Why is it Important for Stories to be Diverse?

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The word “diversity” gets thrown around so many times online nowadays that it’s almost started to lose its meaning. Some books, TV shows, and movies get criticized for lacking diversity, while others are attacked for making a specific point to include characters that belong to a wide range of races, genders, and sexualities. With all this controversy, it’s easy to lose sight of what diversity actually means and why it’s so important.

Credit to Electronic Urban Report (eur web)

The truth is that no society is completely homogenous. Within any community, whether it be a school, workplace, town, or country, there’s so much room for difference and variation. Whether you’re consciously aware of it or not, your community is undoubtedly full of people that belong to different genders, races, and sexualities than you do. Although most stories tend to be about white people, or men, or straight people, or cisgender people, or all of those demographics at once, people who don’t fall into those categories still deserve to see themselves represented in the stories they read on the page or watch onscreen.

Regardless of whether your story is meant to be as realistic as possible, or whether it’s a fantastical epic set in an alien world, having a blandly homogenous cast of characters does it a disservice. The complexities of race, gender, and sexuality can add layers of excitement and intrigue into your story. Plus, regardless of whether or not your readers or viewers directly identify with the specific races, genders, or sexualities represented in your story, there’s still something to be learned from reading about different kinds of characters than the ones typically portrayed in today’s media landscape.

Once you cast aside the uproar surrounding the concept of diversity, the kernel of meaning in the very center is actually quite simple: society is not homogenous, and a story that tries to pretend otherwise isn’t doing itself any favors. Representing people that belong to different backgrounds and identities is a great way to give your story the flavor and complexity it needs, and as an added bonus, the members of your audience that rarely see themselves represented in the media will appreciate your work even more!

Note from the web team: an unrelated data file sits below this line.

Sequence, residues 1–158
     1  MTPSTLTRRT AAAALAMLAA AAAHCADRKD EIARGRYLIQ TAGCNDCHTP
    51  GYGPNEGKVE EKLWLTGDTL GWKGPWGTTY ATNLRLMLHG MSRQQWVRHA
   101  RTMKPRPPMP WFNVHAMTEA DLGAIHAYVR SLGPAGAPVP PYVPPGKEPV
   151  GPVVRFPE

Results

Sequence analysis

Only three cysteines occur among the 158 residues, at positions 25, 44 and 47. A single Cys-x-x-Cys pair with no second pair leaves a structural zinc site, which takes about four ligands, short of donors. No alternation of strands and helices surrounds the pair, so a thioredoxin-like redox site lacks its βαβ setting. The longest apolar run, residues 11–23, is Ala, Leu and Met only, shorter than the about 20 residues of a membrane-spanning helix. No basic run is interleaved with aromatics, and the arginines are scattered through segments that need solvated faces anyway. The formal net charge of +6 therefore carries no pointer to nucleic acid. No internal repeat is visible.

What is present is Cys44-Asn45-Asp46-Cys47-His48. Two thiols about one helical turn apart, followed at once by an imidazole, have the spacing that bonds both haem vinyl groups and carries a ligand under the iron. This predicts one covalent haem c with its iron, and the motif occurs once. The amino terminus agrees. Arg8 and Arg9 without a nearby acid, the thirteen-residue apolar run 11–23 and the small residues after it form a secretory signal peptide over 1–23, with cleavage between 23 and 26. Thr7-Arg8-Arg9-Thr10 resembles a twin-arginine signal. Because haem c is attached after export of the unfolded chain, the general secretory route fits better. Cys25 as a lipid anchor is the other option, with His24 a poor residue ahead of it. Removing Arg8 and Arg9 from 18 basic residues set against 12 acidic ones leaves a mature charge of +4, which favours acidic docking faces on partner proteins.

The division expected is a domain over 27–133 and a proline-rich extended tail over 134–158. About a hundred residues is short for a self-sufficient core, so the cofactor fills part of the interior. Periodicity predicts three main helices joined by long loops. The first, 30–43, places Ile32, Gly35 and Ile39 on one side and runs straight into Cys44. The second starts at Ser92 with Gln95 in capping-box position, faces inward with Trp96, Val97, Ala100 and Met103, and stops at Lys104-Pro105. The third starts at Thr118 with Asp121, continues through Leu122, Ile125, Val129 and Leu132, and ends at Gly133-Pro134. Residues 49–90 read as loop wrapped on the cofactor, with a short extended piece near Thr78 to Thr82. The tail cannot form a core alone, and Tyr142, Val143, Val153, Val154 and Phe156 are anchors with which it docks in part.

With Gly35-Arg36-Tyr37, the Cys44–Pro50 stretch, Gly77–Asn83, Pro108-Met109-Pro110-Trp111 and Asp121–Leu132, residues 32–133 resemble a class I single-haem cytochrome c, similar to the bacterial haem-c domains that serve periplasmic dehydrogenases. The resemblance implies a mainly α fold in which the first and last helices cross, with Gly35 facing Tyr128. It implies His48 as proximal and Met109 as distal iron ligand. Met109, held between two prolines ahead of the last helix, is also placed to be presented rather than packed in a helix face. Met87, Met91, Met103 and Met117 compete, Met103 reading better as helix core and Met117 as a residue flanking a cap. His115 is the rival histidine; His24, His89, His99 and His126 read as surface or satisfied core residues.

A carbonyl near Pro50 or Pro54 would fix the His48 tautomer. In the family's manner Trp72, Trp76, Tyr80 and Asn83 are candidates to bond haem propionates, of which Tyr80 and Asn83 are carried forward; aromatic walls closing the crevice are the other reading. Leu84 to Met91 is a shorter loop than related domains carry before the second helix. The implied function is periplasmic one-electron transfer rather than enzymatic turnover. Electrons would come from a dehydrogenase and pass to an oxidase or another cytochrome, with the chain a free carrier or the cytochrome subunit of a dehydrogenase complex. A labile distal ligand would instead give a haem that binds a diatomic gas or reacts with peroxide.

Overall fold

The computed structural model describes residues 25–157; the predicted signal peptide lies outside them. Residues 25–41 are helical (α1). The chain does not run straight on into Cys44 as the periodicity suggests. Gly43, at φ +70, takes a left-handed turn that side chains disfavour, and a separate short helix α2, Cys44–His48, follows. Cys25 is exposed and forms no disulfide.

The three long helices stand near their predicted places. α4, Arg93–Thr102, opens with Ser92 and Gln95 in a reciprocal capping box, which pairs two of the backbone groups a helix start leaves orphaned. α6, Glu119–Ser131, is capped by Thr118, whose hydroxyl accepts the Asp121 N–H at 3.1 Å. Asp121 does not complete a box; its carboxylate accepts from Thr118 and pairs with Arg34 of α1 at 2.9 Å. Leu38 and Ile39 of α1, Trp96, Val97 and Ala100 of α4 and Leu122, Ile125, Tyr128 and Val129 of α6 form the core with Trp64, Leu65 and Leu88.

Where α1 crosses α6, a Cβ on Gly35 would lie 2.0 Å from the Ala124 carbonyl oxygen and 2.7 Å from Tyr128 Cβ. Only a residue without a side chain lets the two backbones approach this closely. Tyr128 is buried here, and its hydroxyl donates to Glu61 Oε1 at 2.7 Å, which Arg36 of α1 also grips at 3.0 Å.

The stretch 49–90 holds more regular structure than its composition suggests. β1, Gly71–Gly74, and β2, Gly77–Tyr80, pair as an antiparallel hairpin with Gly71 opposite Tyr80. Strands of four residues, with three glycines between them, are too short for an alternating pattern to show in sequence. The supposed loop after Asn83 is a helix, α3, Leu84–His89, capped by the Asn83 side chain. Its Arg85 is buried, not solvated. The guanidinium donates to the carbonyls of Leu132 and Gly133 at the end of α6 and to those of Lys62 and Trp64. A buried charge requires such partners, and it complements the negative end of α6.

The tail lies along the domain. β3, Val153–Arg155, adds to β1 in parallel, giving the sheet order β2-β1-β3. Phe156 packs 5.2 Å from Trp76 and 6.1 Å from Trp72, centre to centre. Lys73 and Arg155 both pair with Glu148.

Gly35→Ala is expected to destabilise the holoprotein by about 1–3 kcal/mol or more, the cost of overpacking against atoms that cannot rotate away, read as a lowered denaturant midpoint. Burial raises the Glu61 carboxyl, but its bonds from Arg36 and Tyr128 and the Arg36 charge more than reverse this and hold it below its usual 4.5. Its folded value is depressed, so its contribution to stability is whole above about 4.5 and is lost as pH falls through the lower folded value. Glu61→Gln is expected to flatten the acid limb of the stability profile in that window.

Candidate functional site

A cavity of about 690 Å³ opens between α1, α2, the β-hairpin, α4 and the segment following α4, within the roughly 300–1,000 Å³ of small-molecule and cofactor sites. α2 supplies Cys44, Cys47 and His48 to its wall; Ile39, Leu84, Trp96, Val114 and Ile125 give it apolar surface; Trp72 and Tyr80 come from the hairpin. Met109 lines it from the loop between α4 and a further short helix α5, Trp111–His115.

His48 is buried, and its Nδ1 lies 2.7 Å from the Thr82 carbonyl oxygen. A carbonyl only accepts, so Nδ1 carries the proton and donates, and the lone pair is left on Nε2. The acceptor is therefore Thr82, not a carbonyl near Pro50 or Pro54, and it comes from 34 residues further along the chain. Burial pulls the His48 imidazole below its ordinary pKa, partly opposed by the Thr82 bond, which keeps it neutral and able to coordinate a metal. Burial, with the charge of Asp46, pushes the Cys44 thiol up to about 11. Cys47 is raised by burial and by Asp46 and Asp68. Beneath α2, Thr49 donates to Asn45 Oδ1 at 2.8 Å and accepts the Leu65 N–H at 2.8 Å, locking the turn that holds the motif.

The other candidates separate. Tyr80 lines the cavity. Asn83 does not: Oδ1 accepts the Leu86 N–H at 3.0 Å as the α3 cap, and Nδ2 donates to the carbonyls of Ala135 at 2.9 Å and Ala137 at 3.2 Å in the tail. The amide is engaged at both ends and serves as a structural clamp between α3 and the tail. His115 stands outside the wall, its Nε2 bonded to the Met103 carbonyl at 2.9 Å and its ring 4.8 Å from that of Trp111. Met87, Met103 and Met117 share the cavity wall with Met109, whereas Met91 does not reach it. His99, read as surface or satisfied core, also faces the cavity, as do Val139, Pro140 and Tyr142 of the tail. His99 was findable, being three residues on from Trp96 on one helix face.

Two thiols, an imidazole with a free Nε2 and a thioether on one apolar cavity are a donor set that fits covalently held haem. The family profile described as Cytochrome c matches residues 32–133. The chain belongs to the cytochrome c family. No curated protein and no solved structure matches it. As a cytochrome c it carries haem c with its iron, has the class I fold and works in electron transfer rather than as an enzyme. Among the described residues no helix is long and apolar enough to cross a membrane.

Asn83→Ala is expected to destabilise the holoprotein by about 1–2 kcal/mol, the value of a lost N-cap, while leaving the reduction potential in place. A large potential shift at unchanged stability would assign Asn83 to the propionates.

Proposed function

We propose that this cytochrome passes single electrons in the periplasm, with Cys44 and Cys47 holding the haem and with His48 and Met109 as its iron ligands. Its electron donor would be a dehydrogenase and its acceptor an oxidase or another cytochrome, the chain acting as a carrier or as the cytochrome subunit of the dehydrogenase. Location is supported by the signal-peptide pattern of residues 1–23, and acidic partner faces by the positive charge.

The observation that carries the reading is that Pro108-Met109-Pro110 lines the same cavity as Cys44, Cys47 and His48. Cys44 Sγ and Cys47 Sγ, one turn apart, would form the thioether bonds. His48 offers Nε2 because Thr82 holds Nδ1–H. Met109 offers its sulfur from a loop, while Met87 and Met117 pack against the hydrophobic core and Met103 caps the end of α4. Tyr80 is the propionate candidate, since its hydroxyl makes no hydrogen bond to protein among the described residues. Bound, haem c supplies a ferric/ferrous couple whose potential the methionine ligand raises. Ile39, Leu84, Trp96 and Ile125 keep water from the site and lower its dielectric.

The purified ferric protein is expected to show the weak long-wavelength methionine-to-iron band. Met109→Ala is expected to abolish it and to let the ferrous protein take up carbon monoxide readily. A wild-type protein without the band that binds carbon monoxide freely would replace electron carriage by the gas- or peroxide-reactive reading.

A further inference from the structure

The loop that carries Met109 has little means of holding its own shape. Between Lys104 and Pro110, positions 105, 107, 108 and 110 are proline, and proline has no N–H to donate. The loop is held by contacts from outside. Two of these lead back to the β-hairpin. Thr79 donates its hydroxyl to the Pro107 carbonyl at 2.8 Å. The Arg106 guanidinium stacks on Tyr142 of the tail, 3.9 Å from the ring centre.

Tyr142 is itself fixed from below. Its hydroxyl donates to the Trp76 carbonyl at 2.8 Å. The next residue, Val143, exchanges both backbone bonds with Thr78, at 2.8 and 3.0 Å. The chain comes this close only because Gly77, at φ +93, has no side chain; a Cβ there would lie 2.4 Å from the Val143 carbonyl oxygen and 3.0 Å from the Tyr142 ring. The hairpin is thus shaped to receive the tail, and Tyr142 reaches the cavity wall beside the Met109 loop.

Credit to Angry Asian Man

Brycebentleytales
Brycebentleytales
I grew up in a small town called Rose Hill, a suburb of Wichita, Kansas. I was a teenager of the 1980s and coming out gay was not a trend in those times, especially in rural area of Kansas. I never dated in high school and people just thought I was shy I suppose - but I wouldn't fully come out gay and accepting of myself until my early 30s. When I look back at those days, I recall reading tons of movies and reading even more books, but I cannot remember reading about a gay hero who saved the day. Gay people, I think for the most part, were cast in a shadow. When I started writing, as I continue to write, my goal has to be write about LGBT characters for a wide audience and I really never have intended to write towards a niche LGBT audience. It is my goal in life, to one day, complete a piece of work with a diverse range of characters that is of great entertainment to all spectrums of sexual orientations and genders.

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